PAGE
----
Beyond the mere recorded sound of Rach's 2nd Symphony is a great performance. Lopez-Cobos is probably an unexpected source of a great interpretation of a Russian composer. Nevertheless, he delivers a stirring performance. Lopez-Cobos seems to have paid close attention to making sure the symphony flows well. In other performances, there is sometimes a choppiness especially in the shifting of melodic lines within the first movement. Not so in this performance. The orchestral playing is tight, lyrical, and flowing----BEAUTIFUL! One more note just because it was striking to me. The typani strokes in this are caught extremely well. If you know the symphony well, you will perhaps hear the tympani in places you've never heard before on record. So, try out this recording and hopefully you'll enjoy it as much as I have and am still enjoying.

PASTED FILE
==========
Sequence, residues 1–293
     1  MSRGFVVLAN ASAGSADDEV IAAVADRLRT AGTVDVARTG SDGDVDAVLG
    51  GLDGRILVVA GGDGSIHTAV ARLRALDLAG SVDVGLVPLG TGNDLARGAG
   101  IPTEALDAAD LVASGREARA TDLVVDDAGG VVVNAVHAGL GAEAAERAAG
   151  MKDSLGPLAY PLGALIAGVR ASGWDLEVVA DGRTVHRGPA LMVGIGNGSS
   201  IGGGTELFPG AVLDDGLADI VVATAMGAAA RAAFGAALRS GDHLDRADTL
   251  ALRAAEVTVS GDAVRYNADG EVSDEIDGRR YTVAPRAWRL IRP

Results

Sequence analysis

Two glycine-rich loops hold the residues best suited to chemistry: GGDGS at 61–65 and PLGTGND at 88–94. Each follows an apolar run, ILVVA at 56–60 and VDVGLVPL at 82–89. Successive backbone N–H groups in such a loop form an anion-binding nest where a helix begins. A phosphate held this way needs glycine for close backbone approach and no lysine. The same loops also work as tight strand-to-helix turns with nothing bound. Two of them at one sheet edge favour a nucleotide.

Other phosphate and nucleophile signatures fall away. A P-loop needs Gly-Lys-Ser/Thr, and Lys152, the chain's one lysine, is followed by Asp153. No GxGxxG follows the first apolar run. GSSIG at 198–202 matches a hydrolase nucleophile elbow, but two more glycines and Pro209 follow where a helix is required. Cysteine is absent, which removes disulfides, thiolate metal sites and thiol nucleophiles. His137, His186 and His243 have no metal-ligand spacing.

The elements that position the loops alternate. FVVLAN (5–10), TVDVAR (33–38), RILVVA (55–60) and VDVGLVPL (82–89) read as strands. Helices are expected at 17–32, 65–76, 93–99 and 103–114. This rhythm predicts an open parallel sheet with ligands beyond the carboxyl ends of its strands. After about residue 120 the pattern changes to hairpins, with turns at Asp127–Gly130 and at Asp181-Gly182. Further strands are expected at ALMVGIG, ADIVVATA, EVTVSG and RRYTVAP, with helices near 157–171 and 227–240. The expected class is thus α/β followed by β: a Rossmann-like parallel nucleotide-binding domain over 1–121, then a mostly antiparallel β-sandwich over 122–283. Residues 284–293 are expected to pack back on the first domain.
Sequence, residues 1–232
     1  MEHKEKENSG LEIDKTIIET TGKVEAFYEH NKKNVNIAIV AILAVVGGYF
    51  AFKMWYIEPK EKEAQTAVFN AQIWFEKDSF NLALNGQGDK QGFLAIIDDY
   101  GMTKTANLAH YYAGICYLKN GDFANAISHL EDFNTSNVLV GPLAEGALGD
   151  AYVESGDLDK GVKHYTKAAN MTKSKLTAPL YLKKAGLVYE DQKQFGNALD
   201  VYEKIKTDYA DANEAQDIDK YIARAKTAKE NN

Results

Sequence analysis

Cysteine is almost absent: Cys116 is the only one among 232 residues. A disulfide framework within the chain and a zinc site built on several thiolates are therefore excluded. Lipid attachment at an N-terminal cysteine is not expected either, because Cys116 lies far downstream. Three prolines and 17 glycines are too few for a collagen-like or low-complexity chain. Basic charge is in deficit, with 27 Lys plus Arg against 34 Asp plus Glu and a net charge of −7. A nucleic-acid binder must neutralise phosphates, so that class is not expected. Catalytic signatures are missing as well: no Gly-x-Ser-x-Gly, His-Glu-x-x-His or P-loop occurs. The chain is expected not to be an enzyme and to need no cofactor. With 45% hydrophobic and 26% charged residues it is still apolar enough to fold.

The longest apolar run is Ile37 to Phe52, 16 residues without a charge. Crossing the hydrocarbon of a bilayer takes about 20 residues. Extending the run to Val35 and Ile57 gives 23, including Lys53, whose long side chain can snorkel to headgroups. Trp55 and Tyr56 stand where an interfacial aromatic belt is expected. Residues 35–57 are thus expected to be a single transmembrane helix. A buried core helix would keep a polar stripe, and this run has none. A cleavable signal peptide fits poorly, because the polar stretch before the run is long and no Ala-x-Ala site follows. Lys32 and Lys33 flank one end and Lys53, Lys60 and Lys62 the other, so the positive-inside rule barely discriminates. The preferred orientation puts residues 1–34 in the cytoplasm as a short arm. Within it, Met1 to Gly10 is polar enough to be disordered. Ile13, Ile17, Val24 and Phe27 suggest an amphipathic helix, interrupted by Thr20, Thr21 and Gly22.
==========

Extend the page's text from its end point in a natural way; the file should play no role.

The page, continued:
7 of 7 people found the following review helpful
4.0 out of 5 stars Another Fine Recording from Cinncinati, and Lopez-Cobos April 25 2001
By Neaklaus - Published on Amazon.com
This recording from Telarc featuring the Cinncinati Symphony
under Jesus Lopez-Cobos is one of the better perfomances of the
Rachmaninioff Symphony no. 2 that I have heard in a long while.
Maestro Lopez-Cobos lets the work breathe and unfold in a natural
manner, the music is never forced or rushed. The inner orchestral
sounds are allowed their time in the spotlight. While some will
say that this recording will not replace the ones by Ormandy,
Previn, or others, I say that it can be placed along side of them
and not have to feel like it is second best. It can hold its
head high with any other recording of these works.
6 of 6 people found the following review helpful
5.0 out of 5 stars Splendid, Warm Rachmaninoff 2 Oct. 18 2001
By Thomas F. Bertonneau - Published on Amazon.com